Tuesday, August 7, 2012

The Problem of Evil, pt. 2


What we call homicide or rape or, in fact, even infanticide is very, very common among different types of animals. Lions, for example, commit infanticide on a regular basis because they want to make sure that the little offspring that is being raised by the lioness is their own and not someone else's. Now, are these kinds of acts to be condoned? I don't even know what that means because the lion doesn't understand what morality is, that's for sure. Morality is an invention of human beings. (Massimo Pigliucci)

Nevertheless:
Napalming babies is bad.
Starving the poor is wicked.
Buying and selling each other is depraved.
Those who stood up and died resisting Hitler, Stalin, Amin, and Pol Pot-and General Custer too-have earned salvation.
Those who acquiesced deserve to be damned.
There is in the world such a thing as evil.
[All together now:] Sez who?
God help us.
(Arthur Leff, “Unspeakable Ethics, Unnatural Law”)

As you may imagine, last week’s article provoked responses from several atheists. Below are excerpts from my exchanges with them.

My detractors’ words appear bold and italicized. May God add His blessing to your reading.

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“If an atheist says ‘I don't believe in evil as thing in itself’ and you say ‘then how do you account for evil?’ it doesn't make sense.”

Yes, if that’s what I was saying, it wouldn’t make sense. But that’s not what I’m saying.

I’m saying that the atheist who denies true moral evil cannot be rid of his own judicial sentiment. In other words, there is a disconnect between what he professes to believe and his own personal experience of the actual world and his interactions with it. (This is what is meant by: Atheism is unlivable.)

“We can restate the problem as ‘the problem of suffering.’”

Is this all it amounts to? “Restating” things? Is this only semantics then? Are you making a distinction with no real difference? Are you saying that “suffering” is synonymous or univocal to moral evil?

If so, then the problem remains (nothing has changed but the label). If not, then we are speaking of two different things and it’s a non sequitur.

“You seem to be labouring under the assumption that everyone shares the same semantic content when using the word 'evil'.”

I do? Then why do I state in my article:

Certainly, the atheist will use the term “evil.” But he does so with non-moral connotations. “Evil” is not a moral term for him. “Evil,” to the atheist, has more to do with pragmatics than ethics. “Evil” for him belongs in the categories of evolution and/or emotion?

Why would I write such a thing if I was “laboring under the assumption” that atheists use the term “evil” similarly to theists?

Let me try this again. If in fact the “problem of suffering” is synonymous to “the problem of evil” then nothing but semantics has changed. We have a distinction without a difference. However, if “the problem of suffering” is truly a different matter than the “problem of evil” then it’s a non sequitur. You are now speaking of that which I am not addressing.

“I say executing people for adultery is evil, and a muslim [sic] cleric says that failing to execute those who commit adultery is evil. Why are we doing anything other than applying our subjective morality as absolutes, as part of a general human tendency?”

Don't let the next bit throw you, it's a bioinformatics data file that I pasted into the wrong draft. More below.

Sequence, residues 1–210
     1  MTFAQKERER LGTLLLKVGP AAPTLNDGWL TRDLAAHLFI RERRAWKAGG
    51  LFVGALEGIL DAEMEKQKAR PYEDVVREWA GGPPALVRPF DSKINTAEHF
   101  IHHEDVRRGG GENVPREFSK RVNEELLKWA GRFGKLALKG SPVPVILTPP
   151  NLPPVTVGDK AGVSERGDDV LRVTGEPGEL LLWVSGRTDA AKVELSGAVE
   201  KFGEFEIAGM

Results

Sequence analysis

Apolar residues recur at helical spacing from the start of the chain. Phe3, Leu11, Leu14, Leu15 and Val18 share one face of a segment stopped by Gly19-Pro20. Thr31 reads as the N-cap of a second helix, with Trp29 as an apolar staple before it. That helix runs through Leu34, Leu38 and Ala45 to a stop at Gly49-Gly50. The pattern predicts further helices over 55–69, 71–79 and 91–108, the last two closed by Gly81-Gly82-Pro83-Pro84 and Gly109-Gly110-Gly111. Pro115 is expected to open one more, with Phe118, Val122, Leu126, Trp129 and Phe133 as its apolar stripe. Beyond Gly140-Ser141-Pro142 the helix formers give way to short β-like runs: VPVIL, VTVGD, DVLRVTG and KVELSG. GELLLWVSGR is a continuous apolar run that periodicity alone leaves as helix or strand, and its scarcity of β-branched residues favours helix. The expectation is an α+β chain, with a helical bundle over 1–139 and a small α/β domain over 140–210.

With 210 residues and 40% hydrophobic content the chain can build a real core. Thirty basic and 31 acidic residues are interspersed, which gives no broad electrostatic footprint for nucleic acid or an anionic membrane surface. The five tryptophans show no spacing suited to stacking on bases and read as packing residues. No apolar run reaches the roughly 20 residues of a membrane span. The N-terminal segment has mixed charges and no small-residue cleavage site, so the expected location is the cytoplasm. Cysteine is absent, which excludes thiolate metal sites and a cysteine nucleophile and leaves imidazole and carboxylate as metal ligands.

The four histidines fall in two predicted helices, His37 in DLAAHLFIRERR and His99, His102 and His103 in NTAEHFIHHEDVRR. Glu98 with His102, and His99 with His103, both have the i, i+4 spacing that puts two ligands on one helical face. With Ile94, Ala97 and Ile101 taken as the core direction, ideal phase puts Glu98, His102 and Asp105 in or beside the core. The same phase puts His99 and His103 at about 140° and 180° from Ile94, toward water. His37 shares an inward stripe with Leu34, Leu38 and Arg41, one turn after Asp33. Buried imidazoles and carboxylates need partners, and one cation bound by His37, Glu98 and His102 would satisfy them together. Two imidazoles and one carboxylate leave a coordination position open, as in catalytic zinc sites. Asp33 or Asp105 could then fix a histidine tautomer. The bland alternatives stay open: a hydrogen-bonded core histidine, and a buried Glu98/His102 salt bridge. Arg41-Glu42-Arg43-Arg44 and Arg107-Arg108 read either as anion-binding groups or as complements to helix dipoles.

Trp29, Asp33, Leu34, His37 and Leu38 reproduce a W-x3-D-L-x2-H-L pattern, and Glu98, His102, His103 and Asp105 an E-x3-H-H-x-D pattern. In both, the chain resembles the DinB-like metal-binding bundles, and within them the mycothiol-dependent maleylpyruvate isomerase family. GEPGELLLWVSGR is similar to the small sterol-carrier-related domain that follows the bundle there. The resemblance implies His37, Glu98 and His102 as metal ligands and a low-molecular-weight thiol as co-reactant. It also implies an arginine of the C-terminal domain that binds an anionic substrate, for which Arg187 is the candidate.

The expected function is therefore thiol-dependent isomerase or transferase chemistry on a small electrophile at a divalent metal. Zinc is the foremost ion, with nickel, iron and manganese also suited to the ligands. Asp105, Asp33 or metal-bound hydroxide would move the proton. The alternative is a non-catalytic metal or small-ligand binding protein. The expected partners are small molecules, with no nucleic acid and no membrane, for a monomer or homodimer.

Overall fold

Here you are demonstrating my point for me. Morality, and therefore moral evil, is subjective to the atheist. The atheist has no basis to say that anything is truly, morally evil. At best, all the atheist can offer is, “Well, I personally don’t like such an action.” Hence morality, to the atheist, is little or nothing more than personal preference. Nothing is truly morally evil to him.

The atheist is on the horns of a dilemma. On the one hand he cannot honestly deny his judicial sentiment; and yet on the other hand, if he is to be intellectually consistent from within his own worldview, he cannot affirm that that which is horrific to him is truly morally evil. That is, he does not live or experience that which he claims to believe.

Thus, no matter how loudly his heart screams: “This is wrong!” his head must counter-argue, “Morality is subjective. ‘Wrong’ is in the eye of the beholder. I feel this is wrong but my rational mind must always remember: ‘True moral evil’ doesn’t really exist.”

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The entire discussion can be seen here: https://www.facebook.com/#!/groups/2204753469/10151065815818470/?notif_t=group_comment

3 comments:

  1. I do see the irony of atheists using the term "evil". It does seem that those that reject the idea of moral absolutes don't have much to stand on when trying to defend certain morals.

    At the same time...the issue of suffering and evil and the character of God in the Bible is what drove me away from Christianity. The more I read the Bible on my own, the more I realized that I didn't believe God worked in that way.

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    1. Thank you for reading and thinking with me.

      The Bible certainly contains passages which are difficult to understand. Thus, reading the Bible in isolation can lead to misunderstanding. It is my prayer that God will bring wise Christian influences into your life to help you better understand God's character as revealed in His scripture and in His Son, Jesus Christ.

      Only by viewing "suffering and evil" and God's love through the lens of the Cross can we begin to make sense of God and His world.

      Thank you again for reading.

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  2. Just for clarification, how does a theist define 'evil' and how do you define a 'moral absolute'?


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